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PostPosted: Mon Oct 17, 2016 11:47 am 
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I just use Fossil repositories. It is easy to set up on nearly any computer.

I think "GNU Ethical Repository Criteria" are extra restrictive, although they may be reasonable for GNU projects. Some of their criteria are good for anyone, though. Specifically, good to have are: C0, C1, C2, C3, C4, B3, A0, A4, A5, A+0, A+5. In many cases, C6 should also be recommended (note: this does not mean HTTPS-only or HSTS), and A1 certainly helps. Furthermore, possibility to download with free command-line tools should also be possible, and A+2 should be followed as much as possible.

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PostPosted: Fri May 26, 2017 2:33 pm 
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Oh man, I was about to build something exactly like this, but decided to do a little more googling first. Glad I did, this looks like exactly what I've been looking for.

tokumaru wrote:
The only way I can see a generic level editor working is if it uses user scripts for exporting the data. A hardcoded format is OK for people who are just starting and don't know any better, so anything is fine, but experienced coders have to deal with the specifics of their scrolling engines, collision attributes, storage limitations, and so on.


Actually, I prefer what tiled (and this editor) seem to do: give me some text format that represents everything the level editor knows about (and can easily be saved/loaded). I'll store that in my git repo. My build process will then have a script to generate what my build needs from that text format.

Because at the core of it is this: if a human (me) has to do an export step, there's always that question of which version is the canonical/correct one? And remember how to export. And remembering if I did the export after that last edit. I much prefer just hitting save in the level editor, and my makefile calls scripts to do the conversion *

(I learned this the hard way in the GBA version of Anguna. Fiddling with graphic data exporters was a huge pain, and a big source of mistakes and bugs)

* That is, unless I've written the entire tool, then the canonical format can just be source code, skipping any sort of export or conversion step.

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PostPosted: Fri May 26, 2017 4:11 pm 
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In the end I think it's always best to make your own tools for your own needs. (which is essentially why I made this)
But if you do end up using this and feel like there's something important missing, let me know.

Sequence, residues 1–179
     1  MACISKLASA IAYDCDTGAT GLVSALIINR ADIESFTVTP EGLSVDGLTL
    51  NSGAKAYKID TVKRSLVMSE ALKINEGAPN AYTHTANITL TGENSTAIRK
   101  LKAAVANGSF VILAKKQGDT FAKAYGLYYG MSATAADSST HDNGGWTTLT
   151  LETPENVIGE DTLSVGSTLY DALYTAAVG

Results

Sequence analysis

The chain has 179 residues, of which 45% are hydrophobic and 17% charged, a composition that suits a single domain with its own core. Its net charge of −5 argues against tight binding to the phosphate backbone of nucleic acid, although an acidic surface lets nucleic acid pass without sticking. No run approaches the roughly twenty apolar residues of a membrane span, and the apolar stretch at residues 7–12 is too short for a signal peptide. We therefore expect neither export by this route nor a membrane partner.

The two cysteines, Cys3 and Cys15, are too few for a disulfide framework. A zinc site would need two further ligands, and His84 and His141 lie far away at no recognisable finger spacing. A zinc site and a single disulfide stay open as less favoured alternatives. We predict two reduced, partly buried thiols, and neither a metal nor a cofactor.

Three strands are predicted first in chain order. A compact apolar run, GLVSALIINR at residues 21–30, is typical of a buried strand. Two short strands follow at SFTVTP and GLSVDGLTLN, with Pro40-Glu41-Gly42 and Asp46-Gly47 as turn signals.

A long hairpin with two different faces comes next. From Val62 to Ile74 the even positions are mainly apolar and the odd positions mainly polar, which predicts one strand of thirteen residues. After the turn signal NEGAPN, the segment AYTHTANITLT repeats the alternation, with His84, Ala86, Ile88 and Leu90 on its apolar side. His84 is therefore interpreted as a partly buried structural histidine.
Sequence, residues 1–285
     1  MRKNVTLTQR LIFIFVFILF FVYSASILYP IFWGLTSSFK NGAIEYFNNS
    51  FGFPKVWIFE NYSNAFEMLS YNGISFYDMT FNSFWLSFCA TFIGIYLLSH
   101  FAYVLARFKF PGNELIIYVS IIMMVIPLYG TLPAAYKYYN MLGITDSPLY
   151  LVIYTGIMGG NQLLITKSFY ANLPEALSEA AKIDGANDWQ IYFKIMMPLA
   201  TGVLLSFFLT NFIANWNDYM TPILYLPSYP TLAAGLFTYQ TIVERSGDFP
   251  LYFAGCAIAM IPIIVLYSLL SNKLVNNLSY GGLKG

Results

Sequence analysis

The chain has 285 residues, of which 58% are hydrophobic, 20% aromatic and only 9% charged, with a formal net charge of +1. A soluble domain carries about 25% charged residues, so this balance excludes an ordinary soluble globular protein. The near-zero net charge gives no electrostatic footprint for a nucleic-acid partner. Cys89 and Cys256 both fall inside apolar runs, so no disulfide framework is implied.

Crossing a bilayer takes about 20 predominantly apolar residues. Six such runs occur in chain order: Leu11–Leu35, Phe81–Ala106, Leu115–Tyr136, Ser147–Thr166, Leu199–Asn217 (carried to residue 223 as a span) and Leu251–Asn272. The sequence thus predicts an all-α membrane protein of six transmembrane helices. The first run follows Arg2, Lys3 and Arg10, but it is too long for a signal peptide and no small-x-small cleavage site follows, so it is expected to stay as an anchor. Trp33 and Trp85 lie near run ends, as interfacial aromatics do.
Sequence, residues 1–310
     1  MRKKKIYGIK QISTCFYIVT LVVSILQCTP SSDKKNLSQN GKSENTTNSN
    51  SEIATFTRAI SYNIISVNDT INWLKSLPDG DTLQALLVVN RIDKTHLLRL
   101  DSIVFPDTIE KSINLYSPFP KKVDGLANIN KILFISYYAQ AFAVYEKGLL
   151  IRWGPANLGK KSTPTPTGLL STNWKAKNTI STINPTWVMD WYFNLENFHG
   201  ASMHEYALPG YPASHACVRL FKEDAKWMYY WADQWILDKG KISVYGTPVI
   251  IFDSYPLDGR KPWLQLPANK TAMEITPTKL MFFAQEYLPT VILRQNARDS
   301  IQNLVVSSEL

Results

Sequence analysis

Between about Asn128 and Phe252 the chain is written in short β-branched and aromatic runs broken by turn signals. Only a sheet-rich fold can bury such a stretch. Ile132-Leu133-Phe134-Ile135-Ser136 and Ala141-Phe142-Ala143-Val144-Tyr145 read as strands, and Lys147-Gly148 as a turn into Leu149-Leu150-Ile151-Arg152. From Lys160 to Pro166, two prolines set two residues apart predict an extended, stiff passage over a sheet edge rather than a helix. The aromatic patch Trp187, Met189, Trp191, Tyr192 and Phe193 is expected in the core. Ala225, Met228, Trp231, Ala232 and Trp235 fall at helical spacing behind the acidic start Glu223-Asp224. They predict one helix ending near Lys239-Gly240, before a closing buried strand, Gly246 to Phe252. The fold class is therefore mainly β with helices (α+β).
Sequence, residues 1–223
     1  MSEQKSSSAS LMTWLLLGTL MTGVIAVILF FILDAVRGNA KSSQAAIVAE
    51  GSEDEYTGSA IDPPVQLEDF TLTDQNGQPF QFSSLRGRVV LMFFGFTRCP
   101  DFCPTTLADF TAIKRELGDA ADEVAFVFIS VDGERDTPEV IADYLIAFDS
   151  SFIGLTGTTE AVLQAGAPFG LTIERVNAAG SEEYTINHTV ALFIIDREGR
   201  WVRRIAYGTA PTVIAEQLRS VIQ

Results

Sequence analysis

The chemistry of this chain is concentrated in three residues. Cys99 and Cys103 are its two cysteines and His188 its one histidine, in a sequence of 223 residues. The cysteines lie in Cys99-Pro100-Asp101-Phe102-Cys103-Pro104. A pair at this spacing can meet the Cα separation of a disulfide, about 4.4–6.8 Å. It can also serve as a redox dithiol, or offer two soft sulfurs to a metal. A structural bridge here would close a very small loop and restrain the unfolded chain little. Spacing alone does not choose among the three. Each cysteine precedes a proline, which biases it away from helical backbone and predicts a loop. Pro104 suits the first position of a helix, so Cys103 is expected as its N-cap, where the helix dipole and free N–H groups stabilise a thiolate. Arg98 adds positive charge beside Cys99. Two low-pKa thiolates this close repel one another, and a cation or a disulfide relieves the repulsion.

My biggest problem with Tiled, which is an otherwise great program, is not the format that it saves its maps in (like everyone's saying, you'd still be making your own pipeline for converting it), but that it's obviously not built to take the NES's limitations into account. It doesn't expect you to have to compress the data into metatiles (as I do in this, and figure most people creating multiple maps with recurring themes are probably doing), and it definitely doesn't know what an attribute table is :3


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PostPosted: Fri May 26, 2017 7:39 pm 
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For my ninja project. I used NES screen tool, and constructed the metatiles there. Took a screenshot. Saved it in GIMP. Opened that in Tiled. Each square in Tiled represents 1 metatile of data. Constructed the levels in Tiled. Exported as .csv. Wrote a Python script to re-organize the data and compress it.

The number of the metatile (high nibble) told my decompresser what attribute table each metatile should use.

It was a slow process.

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PostPosted: Fri May 26, 2017 8:12 pm 
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Location: Rio de Janeiro - Brazil
I was going to suggest something like what dougeff described to solve the metatile issue: first create a map containing only the metatiles, then export an image of them so they can be used to construct the actual map. Whenever you need to edit the metatiles, just export a new image afterwards.

That wouldn't help much with my level format that has several depths of metatiles though, that would be completely impractical. What I need to solve that problem is an editor that lets me copy and paste custom sized blocks, with the option to align to custom sized grids. The editor wouldn't even know that blocks are being reused, the encoding script would be the one responsible for finding for all the redundancies and creating all the unique metatiles at every depth.

As for the palette issue, you can always store 4 versions of the tiles/metatiles, and use the highest bits of the tile/metatile indices to select palettes when converting the data.


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